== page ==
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Abstract: Following the Columbine High School Massacre in 1999, two distinct profiles of the rampage shooter emerged within the literary imagination: the type of narcissistic psychopath as which Eric Harris has been characterized, and the figure of the depressed pariah that was associated with Dylan Klebold. Employing a number of socially constructed myths that emerged following Columbine, many fictional accounts of school shootings utilize the media’s attempts to understand Eric and Dylan’s motives and therefore focus on the shooter’s internalization of social strain due to his inability to form social bonds within their schools and communities. Each character struggles to achieve some form of aspirational reference, whether it be popularity or hegemonic masculinity, and is frequently impeded by some form of noxious stimuli (i.e. general strain). The fictional shooters of rampage violence narratives perceive their strained existence as justification for violence; ultimately deeming themselves victims forced to kill by the societies that alienated them through a twisted take on retributive justice. The narratives’ differing characterizations of the rampage shooter, evoking the socially constructed myths that developed in the wake of the Columbine Massacre, typically compel utter disgust by employing the characterization of Eric or a hesitantly compassionate understanding towards the shooter in an effort promote tolerance towards those that are ostracized through representations of bullied outcasts like Dylan. Such narrative themes will be evinced through readings of Lionel Schiver’s We Need to Talk About Kevin (2003) and Jodi Picoult’s Nineteen Minutes (2007).
Author’s Bio: Patrick Osborneis a Ph.D. candidate in post-1900 American literature and cultural studies at Florida State University. Much of his recent scholarship examines representations of deviant behavior in contemporary literature and popular culture. His articles, “Evaluating the Presence of Social Strain in Rockstar Games’ Grand Theft Auto IV” and “Finding Gleein a High School Hell: Social Bonding as Salvation for the Adolescent Pariah,” appear in Studies in Popular Culture. His essay, “I’m the Bitch that Makes You a Man”: Conditional Love as Female Vengeance in Gillian Flynn’s Gone Girl,” can be found in in Gender Forum. His work also appears in Popular Culture Review, Persona Studies and Literature and Belief.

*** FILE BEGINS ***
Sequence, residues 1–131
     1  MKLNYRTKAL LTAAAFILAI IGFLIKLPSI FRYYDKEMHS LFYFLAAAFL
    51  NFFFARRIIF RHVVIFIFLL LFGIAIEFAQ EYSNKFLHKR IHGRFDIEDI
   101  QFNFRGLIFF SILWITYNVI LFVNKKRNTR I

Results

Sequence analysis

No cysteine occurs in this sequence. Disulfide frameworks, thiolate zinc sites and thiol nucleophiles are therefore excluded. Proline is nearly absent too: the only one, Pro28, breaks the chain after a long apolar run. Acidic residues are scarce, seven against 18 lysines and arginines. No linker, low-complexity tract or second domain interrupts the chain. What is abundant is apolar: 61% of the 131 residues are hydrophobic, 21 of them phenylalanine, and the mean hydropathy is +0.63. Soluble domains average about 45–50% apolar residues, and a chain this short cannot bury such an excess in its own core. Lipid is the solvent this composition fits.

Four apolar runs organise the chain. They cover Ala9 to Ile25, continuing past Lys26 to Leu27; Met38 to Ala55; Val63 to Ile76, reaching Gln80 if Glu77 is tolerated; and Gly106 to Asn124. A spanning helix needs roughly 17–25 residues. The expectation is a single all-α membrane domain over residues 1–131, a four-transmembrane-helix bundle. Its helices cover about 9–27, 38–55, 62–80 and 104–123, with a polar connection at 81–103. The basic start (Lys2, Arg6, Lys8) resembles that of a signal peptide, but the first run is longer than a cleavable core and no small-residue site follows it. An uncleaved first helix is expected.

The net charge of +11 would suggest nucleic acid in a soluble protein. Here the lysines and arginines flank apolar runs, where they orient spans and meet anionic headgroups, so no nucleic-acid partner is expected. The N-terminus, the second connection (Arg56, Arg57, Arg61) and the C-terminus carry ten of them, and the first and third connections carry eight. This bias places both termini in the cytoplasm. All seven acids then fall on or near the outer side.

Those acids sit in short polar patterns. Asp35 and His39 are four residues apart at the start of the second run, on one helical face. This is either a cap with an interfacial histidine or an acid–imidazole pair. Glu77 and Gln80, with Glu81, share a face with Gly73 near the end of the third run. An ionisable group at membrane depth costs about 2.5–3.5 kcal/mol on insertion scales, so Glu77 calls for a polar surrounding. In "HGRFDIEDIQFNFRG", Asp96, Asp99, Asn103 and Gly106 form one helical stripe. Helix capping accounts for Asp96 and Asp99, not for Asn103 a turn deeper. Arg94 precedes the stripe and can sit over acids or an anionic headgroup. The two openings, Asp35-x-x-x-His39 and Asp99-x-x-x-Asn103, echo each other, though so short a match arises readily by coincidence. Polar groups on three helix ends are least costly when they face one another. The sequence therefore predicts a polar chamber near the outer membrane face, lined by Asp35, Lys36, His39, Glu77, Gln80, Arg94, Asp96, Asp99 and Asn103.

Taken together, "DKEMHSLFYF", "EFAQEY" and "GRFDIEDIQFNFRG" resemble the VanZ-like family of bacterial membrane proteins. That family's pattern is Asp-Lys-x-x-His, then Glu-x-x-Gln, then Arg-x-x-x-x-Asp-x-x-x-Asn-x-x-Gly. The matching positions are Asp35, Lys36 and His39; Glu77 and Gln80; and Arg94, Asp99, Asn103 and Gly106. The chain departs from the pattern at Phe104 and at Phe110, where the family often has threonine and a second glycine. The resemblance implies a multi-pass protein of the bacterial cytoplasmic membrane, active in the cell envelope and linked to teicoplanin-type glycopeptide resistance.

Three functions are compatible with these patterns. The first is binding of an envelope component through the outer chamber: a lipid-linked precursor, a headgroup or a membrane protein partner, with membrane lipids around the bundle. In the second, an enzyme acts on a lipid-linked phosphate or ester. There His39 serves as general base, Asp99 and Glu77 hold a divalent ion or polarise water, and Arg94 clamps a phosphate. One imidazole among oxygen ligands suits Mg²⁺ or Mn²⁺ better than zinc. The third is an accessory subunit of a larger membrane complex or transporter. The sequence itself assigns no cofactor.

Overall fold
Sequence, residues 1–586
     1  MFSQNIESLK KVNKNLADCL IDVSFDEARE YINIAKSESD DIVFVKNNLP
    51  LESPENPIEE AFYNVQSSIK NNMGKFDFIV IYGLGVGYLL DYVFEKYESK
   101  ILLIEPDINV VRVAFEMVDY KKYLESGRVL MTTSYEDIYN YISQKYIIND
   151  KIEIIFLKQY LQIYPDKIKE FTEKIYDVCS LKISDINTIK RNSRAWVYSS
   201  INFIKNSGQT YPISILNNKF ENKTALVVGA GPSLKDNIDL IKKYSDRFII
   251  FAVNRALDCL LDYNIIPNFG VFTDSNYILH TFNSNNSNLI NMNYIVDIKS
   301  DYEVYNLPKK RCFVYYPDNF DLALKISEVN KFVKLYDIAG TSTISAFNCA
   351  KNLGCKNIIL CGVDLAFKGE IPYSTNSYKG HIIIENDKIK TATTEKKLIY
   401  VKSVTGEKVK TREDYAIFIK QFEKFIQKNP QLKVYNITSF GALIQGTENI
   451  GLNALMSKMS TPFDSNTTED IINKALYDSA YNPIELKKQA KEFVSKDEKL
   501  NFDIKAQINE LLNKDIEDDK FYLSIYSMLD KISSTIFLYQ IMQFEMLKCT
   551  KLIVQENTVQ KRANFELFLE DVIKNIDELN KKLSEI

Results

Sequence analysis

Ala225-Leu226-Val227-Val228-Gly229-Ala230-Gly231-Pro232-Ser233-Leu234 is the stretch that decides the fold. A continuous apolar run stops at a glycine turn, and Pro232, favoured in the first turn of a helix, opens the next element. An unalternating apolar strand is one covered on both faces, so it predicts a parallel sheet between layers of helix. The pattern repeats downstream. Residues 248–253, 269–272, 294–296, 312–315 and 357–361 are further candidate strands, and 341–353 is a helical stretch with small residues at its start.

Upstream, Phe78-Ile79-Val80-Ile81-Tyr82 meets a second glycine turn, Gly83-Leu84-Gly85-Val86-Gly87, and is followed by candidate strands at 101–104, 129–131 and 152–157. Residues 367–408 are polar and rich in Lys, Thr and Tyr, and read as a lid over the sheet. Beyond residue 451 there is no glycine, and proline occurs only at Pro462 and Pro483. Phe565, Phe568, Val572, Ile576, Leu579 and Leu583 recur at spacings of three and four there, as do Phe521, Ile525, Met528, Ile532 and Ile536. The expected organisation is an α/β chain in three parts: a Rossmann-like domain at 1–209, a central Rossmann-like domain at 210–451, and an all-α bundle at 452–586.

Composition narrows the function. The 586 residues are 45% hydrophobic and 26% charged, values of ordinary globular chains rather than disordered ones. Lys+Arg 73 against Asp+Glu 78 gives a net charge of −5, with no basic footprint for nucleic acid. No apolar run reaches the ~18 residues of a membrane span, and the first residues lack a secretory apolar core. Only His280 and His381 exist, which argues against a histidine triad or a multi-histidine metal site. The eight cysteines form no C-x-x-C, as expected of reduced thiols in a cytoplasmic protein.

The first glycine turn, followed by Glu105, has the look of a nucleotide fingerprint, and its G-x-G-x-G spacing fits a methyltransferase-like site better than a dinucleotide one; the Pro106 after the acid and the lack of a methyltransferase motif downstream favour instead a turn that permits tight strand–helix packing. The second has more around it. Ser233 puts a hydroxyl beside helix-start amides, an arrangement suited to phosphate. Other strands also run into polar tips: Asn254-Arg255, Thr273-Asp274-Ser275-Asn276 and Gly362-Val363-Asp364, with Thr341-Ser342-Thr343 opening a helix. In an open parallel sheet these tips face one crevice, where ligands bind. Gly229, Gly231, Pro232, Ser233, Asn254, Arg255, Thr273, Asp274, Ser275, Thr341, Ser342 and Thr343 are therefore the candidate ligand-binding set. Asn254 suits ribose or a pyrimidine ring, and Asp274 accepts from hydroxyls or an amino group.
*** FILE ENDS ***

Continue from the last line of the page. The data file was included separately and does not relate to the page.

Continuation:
Abstract: Dawn Dunphy in Joyce Carol Oates’ 2017 novel A Book of American Martyrsis used to women’s bodies being controlled and defined by men: she has grown up with an image of female sexuality as impure and contemptible, and as a teenager she has been raped by a gang of schoolboys. However, Dawn is not simply a victim, but from her early teenage years struggles to regain control over her life and body. In fact, her rape provides a cathartic moment for her: she rejects stigmatization and takes violent revenge on her rapists. Driven by the wish to fight men, her hammer-wielding vengeance leads Dawn to go into women’s boxing – where, however, she immediately finds herself the object of male assessment again, as female boxers have to play certain, sexualized roles for the eyes of the predominantly male audience.
Female masculinity, my essay will argue, provides the means for Dawn to reject male claims of control over the female body: through her performance as a boxer, Dawn challenges notions of femininity and masculinity and lays claim to an almost gender-neutral identity. She chooses a new, gender-neutral name, D.D., and in an echo of her rape revenge she picks the boxing name “Hammer of Jesus.” What is more, D.D. refuses external ascriptions and to don the sexualizing attire other female boxers wear. Instead, through representation of her body by means of clothes, tattoos, and hairstyle she uses the body itself as a marker of power, to “transform mechanisms of masculinity and produce new constellations of embodiment, power, and desire” (Halberstam 276). The disgusted and negative reactions of the men around her show how successful her attempt at defying notions of gender indeed is. Thus, female masculinity becomes the means for D.D. to reassert control over her own body by rejecting the objectifying male gaze. She challenges masculine power by messing up what masculinity means and who has a claim to it: “The boxing ring, obviously, has become the arena for the most public contests over the meaning of masculinity and its relation to male embodiment” (Halberstam 272).
Author’s Bio: Henriette Seeligeris a Ph.D. student and temporary lecturer at the Department of English and American Studies at the University of Bamberg, Germany. She holds an undergraduate degree from the University of Chester and studied temporarily at the City University of New York. Her research interest include Feminism, Masculinity and Gender Studies, Romantic and Victorian literature, adaptation theory, and postcolonial literature.